An itinerary including some of the region's most celebrated cathedrals and churches.
It was during the Romanesque period that great part of Puglia's most stunning works of architecture were built.
In the years spanning the 11th to 15th centuries, from Capitanata all the way down to Salento, via the province of Bari, fervent construction work took place, resulting in the erection of magnificent houses of worship the majority of which have survived intact over the centuries and continue to attract a steady stream of visitors to this very day.
The sacred mountain
Any self respecting itinerary following the traces of Puglia's Romanesque period has to include a visit to the 13th century Sanctuary of San Michele at Monte S.Angelo, in the province of Foggia.
Considered by Catholics to be one of the four most sacred sites in the world, it was here, on the high Gargano promontory that the Archangel is said to have appeared sometime between 490 and 493 A.D.
In the cave in which it would seem the Archangel made his apparition there is an 11th century altar and a statue of Michael realized by Andrea Sansovino.
Travelling South, towards the high plain of the Murge we come to Canosa, one of the most important archaeological sites in the whole of Puglia, where to find the Basilica of San Sabino, built during the Lombard period by the Duke Arechi II and initially dedicated to Saints John and Paul.
The five-domed cathedral lies three meters below the Piazza via which visitors gain access to the building.
The history of the Basilica of Canosa is a particularly tumultuous one - not only for the damage inflicted on the building by the earthquake of 1851.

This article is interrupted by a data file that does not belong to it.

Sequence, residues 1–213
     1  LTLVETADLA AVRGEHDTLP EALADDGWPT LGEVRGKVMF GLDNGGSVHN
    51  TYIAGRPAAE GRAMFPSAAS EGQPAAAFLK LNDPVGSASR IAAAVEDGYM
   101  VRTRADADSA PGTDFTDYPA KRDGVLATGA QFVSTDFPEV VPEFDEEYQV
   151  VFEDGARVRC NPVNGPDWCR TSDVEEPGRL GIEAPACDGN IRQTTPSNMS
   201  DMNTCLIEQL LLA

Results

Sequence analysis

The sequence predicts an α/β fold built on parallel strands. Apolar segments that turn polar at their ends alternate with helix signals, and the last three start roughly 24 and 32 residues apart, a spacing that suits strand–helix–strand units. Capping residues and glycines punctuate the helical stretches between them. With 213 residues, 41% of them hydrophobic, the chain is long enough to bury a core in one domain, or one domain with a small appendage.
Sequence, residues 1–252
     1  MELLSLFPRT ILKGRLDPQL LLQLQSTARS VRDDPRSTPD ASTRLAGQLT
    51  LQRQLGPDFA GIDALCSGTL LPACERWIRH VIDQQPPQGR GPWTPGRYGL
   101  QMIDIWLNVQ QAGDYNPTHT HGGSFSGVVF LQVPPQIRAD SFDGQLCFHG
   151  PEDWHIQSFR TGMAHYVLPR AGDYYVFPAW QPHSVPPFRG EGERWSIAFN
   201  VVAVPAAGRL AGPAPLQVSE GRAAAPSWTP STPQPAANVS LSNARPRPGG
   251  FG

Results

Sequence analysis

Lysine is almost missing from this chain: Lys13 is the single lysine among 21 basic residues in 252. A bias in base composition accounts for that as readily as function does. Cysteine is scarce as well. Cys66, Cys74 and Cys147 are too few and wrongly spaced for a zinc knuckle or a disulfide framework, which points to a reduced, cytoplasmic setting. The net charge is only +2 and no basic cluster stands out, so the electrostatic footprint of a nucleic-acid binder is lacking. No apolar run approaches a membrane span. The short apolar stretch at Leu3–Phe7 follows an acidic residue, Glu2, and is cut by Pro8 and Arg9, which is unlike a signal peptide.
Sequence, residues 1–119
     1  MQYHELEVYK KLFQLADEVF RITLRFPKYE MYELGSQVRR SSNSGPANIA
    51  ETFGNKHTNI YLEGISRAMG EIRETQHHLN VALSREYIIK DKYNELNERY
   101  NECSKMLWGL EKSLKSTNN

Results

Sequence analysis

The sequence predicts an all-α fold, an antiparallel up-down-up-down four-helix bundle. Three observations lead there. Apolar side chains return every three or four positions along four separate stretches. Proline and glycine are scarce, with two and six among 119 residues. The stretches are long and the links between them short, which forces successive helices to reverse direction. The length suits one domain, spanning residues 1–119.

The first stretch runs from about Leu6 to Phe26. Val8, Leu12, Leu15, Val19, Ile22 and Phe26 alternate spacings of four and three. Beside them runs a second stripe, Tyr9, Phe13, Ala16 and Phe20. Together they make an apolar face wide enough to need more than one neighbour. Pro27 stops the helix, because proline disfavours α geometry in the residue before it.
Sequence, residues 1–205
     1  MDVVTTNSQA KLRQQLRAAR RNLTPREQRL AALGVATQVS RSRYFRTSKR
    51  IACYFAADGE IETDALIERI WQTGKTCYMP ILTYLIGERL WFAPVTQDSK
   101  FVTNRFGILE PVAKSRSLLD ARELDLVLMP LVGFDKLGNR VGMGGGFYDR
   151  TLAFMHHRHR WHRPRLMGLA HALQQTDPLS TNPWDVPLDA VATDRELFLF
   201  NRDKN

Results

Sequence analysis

Subject of a recent rediscovery, for years Canosa's Basilica of San Sabino had been left off the tourist maps, overshadowed by the nearby cathedrals of Trani, Barletta, Giovinazzo and Bari'''
Cathedral by the sea
Another obligatory port of call is, infact, Trani; where to find one of the best known examples of Puglian Romanesque: the Cathedral erected in honour of S.Nicola Pellegrino.
Trani's magnificent cathedral impresses not only with its size but also for the building's dazzling white stone façade which creates a beautiful contrast with the blue of the nearby sea
The building of the edifice has been dated between 1159 and 1186, whilst it is estimated that construction of the splendid 58,90m. bell tower began in the 13th century, to be completed more than a hundred years later.
Skeletons in the cupboard?
Visitors to Otranto, one of the Salento's most popular tourist destinations, cannot fail but be struck by the city's strikingly beautiful Romanesque Cathedral.
Erected in 1088 - following the conquest by the Normans - it is the largest of all Puglia's churches: 54 meters long and 25 meters wide.
In memory of the ferocious attack inflicted on the city in 1480 by the Turks, the skeletons of some 800 victims were conserved within the cathedral and can still be seen today in the Martyrs Chapel
On the facade of the cathedral there is an immense Gothic-Arabian style rose window dating back to the renaissance period. Perhaps the most impressive features found within the cathedral are the intricately carved capitals depicting eagles with outspread wings, heraldic birds, and lions.
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